Health service open for anyone who needs it, says NHS Wales boss

The NHS in Wales remains open despite concerns raised by doctors that patients are “afraid” to see their GP or visit hospital during the coronavirus crisis.

Dr Andrew Goodall, chief executive of NHS Wales, said the health service had not been overwhelmed by the Covid-19 pandemic and was still there for people who needed emergency care.

The Welsh Government revealed the number of people attending Welsh emergency departments had fallen by up to 50% since the start of the coronavirus pandemic.

Dr Goodall said emergency admissions to hospitals had fallen by a third, while there were 10% fewer people being taken to hospital by ambulance and “activity” at GP surgeries had dropped by up to 25%.

“I think we need to recognise this is going to be a cautious and progressive approach,” he said.

“Urgent and critical care continues whether there is a virus around us or not.

“We are moving to a phase where we have to balance the responsibilities of responding to the virus, alongside the responsibility to make sure people who need care and treatment can access it.

“I don’t think it is a switch we can just press; I think we are going to need to review how we roll this out.”

Earlier, a GP had told the Senedd health committee that patients did not want to be a burden on the health service and were staying away.

Dr Robert Morgan, of the Royal College of General Practitioners Wales, said: “They are afraid of coming into the general practice, they are certainly afraid of going into hospital.”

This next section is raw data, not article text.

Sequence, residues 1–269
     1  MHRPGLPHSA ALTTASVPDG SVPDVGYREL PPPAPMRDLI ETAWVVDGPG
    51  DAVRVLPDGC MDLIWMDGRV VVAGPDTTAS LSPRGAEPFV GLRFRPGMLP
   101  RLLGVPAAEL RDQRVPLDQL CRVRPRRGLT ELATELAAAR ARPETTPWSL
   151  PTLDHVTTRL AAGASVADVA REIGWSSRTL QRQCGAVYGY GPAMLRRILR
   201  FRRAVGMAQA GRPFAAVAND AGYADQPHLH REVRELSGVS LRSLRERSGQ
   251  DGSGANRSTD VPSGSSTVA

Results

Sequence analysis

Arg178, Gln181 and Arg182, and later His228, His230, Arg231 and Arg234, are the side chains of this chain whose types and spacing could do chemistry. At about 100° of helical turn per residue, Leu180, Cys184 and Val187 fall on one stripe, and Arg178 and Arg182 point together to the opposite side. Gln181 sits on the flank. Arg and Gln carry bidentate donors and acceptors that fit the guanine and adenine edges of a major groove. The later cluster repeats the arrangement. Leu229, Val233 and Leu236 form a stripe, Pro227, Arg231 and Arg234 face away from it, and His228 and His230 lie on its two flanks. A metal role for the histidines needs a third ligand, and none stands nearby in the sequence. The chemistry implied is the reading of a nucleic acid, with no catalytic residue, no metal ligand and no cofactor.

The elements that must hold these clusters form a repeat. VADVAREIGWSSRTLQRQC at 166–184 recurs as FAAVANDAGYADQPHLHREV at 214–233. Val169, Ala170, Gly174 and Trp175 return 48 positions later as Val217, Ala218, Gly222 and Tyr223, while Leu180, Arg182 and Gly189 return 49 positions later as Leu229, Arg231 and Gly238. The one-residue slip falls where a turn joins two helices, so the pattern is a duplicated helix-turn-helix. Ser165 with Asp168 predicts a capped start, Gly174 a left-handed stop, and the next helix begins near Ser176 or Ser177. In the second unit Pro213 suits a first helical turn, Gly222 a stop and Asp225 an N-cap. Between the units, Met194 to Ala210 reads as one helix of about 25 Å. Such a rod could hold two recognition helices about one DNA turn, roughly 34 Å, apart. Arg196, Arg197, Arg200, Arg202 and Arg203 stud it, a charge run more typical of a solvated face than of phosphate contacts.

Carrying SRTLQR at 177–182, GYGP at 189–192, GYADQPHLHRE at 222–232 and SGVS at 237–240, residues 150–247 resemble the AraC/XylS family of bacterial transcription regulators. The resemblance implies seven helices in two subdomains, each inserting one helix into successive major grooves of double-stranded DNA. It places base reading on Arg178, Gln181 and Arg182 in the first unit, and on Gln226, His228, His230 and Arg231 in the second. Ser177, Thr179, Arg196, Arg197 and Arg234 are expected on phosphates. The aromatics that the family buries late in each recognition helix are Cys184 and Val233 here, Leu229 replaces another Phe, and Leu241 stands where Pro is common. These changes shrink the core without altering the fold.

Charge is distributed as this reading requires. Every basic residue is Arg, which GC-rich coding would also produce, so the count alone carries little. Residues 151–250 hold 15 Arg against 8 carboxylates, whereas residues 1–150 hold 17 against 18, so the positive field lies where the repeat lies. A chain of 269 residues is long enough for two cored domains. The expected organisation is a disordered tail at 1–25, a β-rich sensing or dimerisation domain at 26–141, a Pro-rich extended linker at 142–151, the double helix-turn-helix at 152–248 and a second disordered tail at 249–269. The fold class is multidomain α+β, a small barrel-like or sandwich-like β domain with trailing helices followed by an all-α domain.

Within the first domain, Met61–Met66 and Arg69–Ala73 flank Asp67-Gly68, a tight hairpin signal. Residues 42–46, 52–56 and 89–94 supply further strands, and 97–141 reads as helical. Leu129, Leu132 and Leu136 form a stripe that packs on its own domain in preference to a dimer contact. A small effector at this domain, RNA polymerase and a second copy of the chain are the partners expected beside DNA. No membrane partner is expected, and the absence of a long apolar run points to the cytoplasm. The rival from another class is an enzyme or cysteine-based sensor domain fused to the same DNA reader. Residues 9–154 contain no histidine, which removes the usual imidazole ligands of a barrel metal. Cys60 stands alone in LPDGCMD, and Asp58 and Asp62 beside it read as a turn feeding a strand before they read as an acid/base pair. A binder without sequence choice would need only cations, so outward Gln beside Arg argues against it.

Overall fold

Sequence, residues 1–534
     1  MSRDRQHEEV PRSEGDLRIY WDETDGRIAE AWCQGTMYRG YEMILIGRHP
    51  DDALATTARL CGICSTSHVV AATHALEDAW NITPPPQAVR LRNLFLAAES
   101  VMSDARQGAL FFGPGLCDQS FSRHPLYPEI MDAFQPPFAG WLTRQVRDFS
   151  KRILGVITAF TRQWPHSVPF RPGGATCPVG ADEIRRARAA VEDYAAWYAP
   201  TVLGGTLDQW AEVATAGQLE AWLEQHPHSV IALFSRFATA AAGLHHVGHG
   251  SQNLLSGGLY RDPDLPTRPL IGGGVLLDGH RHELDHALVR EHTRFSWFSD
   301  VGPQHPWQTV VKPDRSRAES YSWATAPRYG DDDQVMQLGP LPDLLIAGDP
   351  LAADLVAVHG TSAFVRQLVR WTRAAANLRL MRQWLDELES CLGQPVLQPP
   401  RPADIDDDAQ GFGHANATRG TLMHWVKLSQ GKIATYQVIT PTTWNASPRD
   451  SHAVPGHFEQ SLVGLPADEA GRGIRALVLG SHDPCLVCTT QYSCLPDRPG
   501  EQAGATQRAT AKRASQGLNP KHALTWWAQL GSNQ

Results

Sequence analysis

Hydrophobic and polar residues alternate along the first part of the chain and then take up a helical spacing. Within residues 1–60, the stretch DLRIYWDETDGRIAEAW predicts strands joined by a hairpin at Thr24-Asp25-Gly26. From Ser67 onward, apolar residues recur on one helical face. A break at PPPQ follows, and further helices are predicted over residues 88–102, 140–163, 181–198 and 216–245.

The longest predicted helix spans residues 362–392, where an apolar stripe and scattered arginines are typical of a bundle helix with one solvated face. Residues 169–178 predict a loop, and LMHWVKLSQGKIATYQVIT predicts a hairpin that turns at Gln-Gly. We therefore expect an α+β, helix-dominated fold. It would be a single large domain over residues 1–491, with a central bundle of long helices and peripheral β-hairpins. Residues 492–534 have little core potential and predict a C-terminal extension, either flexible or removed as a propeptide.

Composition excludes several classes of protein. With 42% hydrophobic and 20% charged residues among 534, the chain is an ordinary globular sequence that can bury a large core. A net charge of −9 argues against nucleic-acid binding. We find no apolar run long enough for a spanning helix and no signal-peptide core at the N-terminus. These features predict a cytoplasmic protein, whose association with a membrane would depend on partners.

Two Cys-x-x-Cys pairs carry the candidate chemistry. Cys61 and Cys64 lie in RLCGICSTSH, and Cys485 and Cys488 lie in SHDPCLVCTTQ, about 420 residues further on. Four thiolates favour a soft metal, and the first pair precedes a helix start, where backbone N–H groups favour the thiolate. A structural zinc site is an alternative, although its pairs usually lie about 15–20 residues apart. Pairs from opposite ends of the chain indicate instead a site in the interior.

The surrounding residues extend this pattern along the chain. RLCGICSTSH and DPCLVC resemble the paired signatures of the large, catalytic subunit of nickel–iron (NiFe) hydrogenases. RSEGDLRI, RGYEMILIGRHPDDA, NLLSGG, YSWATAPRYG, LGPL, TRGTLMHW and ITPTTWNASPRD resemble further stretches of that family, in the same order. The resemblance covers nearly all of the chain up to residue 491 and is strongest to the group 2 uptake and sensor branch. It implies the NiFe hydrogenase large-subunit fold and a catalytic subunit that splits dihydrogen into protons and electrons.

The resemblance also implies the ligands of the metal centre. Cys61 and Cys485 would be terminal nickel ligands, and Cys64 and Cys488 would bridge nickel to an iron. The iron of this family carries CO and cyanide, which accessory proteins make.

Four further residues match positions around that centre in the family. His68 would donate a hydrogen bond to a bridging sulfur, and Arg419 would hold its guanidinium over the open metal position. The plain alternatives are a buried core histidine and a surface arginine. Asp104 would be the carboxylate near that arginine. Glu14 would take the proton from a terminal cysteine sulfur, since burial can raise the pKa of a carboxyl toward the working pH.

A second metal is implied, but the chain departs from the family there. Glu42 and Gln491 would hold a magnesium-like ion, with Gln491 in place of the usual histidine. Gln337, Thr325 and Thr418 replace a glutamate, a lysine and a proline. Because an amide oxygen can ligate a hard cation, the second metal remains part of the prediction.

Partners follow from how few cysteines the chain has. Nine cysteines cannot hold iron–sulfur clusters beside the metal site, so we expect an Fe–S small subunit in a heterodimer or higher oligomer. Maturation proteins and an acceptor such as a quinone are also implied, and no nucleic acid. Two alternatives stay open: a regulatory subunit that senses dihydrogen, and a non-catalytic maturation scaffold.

Speaking at the daily Welsh Government briefing, Dr Goodall said that in the early stages of the pandemic, staying away from hospital did help the NHS prepare for the peak.

“We now need to look after those areas and I remain concerned that our A&E attendances, our emergency admissions and our referrals are lower than we would expect at the moment,” he said.

“We are going to have to recognise that working through this virus we are going to have to catch up on a backlog of patients that still need to be treated.”

First Minister Mark Drakeford is expected to publish a coronavirus exit plan for Wales on Friday but Dr Goodall said he was concerned there was “real potential” for a second peak of infections.

But he said he was also sure Welsh ministers would “make some steps backwards” and reverse lockdown measures that had been relaxed if this was needed.

“It is quite clear we are through that initial peak and I would hope that we can continue to deploy mitigating actions if there was to be either a second or a third peak in the future,” he added.

Dr Goodall said he was worried about the fall in the number of cancer referrals but thought they were beginning to rise.

“The number of people added to the waiting list is twice the level just three weeks ago, but in overall terms, the number remains lower than in previous years,” he said.

Meanwhile, Public Health Wales said a further 10 people who had tested positive for Covid-19 had died, bringing the total number of confirmed deaths in Wales to 1,164.

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